By Robert Barron, Staff Writer
Enid News and Eagle
ENID, Okla. —
GED testing is getting ready to undergo massive changes, which some say will make it easier but others aren’t so sure.
Clayton Nolen, director of General Educational Development testing in Enid, said the current test consists of multiple choice questions plus an essay.
The new system is mandated from Washington, D.C., Nolen said.
Change is coming
Starting in 2014 the test will be computer-based, and those taking the test will have to be familiar with some computer terms. The test also will no longer be administered through Oklahoma State Department of Education but by Pearson Vue, the company that writes the test. Applications must be made to the company.
Enid Public Schools has applied to the company to administer the test. The next phase will be to send photos of the testing room, including a separate reception room, and take an administrator’s test.
Nolen is working to arrange a room to house five computers, plus a reception room. Those will be different rooms than those currently used at Carver Center, the Enid testing site.
The testing room also will have some security equipment, such as monitors and cameras, he said.
“It must be highly secure. We have the rest of the year to do it,” Nolen said.
Throw away No. 2
Beginning in 2014, pencil and paper tests are no longer admissible. Cost of the testing also will rise from $75 to $120, he said.
Some testing sites will no longer administer the tests due to the changes, but Nolen said Enid officials believe it is important they continue to provide that service. There are few other testing sites in northwest Oklahoma. Nolen said there has been interest in Enid’s site from as far as Guymon.
“We feel it is beneficial to continue Enid as a testing site,” Nolen said.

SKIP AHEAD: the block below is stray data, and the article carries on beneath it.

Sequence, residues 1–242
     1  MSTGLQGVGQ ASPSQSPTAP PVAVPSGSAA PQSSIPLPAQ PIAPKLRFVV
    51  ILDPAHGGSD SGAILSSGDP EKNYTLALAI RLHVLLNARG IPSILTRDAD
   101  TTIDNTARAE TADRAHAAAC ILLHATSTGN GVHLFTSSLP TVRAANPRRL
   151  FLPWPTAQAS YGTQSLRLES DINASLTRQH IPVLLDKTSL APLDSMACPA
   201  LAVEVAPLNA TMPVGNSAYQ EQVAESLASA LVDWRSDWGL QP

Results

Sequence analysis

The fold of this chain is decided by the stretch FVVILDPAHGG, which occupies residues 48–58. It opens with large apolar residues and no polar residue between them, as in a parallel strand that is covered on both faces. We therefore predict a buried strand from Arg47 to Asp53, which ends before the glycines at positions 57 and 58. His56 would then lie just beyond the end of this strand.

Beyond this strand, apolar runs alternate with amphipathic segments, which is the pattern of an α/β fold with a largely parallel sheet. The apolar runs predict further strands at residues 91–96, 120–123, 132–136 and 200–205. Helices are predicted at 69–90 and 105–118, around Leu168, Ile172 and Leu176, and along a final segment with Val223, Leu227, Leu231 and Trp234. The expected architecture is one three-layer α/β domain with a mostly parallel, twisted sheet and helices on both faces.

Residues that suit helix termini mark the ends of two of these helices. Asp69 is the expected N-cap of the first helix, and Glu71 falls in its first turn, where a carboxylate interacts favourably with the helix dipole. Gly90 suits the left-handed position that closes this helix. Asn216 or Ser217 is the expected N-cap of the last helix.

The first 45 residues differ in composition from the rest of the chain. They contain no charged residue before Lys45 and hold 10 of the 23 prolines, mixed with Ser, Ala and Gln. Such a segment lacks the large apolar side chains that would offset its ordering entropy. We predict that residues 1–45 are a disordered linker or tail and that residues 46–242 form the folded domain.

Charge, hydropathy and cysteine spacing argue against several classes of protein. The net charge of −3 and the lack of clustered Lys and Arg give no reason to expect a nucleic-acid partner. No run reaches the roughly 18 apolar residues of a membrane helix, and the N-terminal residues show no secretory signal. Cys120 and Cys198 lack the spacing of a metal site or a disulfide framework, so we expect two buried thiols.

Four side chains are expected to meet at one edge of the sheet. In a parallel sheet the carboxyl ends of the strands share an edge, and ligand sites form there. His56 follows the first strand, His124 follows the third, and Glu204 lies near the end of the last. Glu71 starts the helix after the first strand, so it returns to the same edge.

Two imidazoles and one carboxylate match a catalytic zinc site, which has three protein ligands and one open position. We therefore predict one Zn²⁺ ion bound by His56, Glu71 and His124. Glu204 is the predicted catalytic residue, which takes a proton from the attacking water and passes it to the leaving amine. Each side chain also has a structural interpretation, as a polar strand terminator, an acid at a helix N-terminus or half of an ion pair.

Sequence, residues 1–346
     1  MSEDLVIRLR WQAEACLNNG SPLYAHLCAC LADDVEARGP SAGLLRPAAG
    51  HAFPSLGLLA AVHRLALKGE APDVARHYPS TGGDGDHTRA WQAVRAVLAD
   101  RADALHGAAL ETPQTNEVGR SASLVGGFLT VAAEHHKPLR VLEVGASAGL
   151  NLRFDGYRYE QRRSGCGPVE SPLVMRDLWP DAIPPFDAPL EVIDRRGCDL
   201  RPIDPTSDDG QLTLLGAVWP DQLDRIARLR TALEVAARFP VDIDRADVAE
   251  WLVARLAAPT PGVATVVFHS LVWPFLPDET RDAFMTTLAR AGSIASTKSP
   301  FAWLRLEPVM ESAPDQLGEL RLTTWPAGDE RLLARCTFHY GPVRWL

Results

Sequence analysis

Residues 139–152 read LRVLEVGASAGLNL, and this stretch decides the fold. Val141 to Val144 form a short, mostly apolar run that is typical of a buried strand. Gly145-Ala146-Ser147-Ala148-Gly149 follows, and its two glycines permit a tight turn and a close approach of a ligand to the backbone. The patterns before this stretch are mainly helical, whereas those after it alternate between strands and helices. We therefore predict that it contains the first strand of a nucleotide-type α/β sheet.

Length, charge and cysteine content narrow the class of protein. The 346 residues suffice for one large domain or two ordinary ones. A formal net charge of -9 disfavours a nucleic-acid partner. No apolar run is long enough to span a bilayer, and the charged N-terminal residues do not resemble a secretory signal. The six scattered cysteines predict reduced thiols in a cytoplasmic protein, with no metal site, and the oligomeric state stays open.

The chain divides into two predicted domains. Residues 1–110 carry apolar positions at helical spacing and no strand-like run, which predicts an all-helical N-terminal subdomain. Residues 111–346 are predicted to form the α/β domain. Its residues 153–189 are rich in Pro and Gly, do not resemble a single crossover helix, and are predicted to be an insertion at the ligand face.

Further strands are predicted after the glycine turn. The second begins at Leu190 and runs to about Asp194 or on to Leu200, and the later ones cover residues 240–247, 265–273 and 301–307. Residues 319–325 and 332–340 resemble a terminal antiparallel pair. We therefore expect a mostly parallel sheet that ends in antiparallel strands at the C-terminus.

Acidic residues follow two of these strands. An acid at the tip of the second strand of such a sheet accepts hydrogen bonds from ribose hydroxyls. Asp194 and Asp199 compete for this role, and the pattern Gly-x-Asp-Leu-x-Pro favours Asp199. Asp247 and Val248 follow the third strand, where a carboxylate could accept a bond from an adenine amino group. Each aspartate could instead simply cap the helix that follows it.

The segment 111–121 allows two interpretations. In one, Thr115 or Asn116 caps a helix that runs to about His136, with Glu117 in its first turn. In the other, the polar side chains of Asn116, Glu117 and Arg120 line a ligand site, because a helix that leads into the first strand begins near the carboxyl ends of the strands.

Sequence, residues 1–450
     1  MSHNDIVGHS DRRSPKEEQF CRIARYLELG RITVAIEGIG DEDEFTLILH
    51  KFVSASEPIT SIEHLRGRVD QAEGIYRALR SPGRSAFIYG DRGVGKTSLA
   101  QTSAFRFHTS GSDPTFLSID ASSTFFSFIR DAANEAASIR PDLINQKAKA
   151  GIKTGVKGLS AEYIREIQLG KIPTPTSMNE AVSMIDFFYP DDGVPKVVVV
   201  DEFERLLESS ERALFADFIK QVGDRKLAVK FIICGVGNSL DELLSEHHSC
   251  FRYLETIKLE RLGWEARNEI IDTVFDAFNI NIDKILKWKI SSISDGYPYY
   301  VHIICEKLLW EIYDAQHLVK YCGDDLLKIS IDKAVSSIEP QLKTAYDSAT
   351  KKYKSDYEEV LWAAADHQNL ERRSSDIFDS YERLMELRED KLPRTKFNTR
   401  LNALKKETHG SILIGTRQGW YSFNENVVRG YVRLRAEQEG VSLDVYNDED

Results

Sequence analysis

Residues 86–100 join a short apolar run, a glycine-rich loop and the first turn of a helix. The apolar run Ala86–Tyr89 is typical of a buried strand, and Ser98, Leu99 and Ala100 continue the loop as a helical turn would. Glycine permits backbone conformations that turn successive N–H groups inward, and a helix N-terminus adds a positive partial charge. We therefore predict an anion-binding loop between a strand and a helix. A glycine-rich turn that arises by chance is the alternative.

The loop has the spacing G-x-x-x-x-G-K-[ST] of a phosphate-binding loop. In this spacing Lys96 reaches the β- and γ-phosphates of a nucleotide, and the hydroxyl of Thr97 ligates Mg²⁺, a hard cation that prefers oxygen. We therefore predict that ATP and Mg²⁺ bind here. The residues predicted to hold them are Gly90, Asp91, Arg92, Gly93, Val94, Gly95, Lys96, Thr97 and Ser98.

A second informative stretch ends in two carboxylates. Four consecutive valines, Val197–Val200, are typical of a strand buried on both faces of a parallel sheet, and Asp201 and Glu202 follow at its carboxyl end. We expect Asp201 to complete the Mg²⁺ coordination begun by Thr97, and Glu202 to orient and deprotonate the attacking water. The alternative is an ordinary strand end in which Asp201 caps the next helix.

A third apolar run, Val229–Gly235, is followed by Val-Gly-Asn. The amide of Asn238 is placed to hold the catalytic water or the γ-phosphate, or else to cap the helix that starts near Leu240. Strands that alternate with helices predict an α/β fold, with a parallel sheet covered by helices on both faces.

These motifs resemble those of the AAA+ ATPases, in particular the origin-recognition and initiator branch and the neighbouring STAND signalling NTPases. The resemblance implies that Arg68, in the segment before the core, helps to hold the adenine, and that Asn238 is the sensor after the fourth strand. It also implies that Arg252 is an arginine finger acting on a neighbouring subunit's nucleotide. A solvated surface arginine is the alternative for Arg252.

The closest sites to Enid are Ponca City, Weatherford and Tulsa Union schools.
The new test will include learning computer terms like hot spot, drop and drag and others.
Teachers will work with the academics, plus explain the terms, he said.
Tests reportedly will be shorter in duration than the current seven hours and 35 minutes.
There currently are five tests, including writing and reading. The new test will include comprehension and writing. Now the student must write between 200 and 400 words to pass, but the new test will require 450 to 900 words.
Nolen said he is encouraging those who have taken the test and need a few points to pass to take it again before the first of the year. In 2014 all previous scores will be erased and those who have not completed must start over again.
“Some say they love it and some say it is a nightmare,” Nolen said.
Those taking the test must be technologically savvy. One positive note is the new tests may be more flexible with times. However, they are very controlled, and at the end of the testing time the computer will shut down.
Another major difference is new test only provides one score, which cannot be lower than 450 to pass.
There currently are three scores showing academics, career readiness and post secondary, if the student wants to attend college.
A real diploma
Students will no longer receive a GED certificate but a high school diploma.
The method of payment also will change, and checks or cash will no longer be accepted. Those wishing to take the test must purchase a voucher.
Some of those taking the test receive funds from the Department of Human Services, which asks to be billed. That can no longer be done, DHS must purchase vouchers to be used.
Nolen said he is concerned how to accommodate people with disabilities using the new system. The school district will receive a very small percentage of the $120 fee for the tests, he said.
Currently the student knows his score before leaving the testing center, but with the new system all scores will be graded by a scoring engine and double-checked by a person, he said.
Nolen said the Carver Center will notify testers of their scores at a later date.
Nolen said reports from the company say the success rates are very high. Nolen travelled to Ponca City to visit the testing center there, where the new tests already are being used.
Carver Center averages between 130 and 150 who annually who take the GED test. Nolen said it averages to about five people a week.
The Carver Center also administers a shorter version of the GED to students for $10 on Friday morning, by appointment. That helps the students understand how prepared they are for taking the test.
“We do as much as possible,” Nolen said.쇓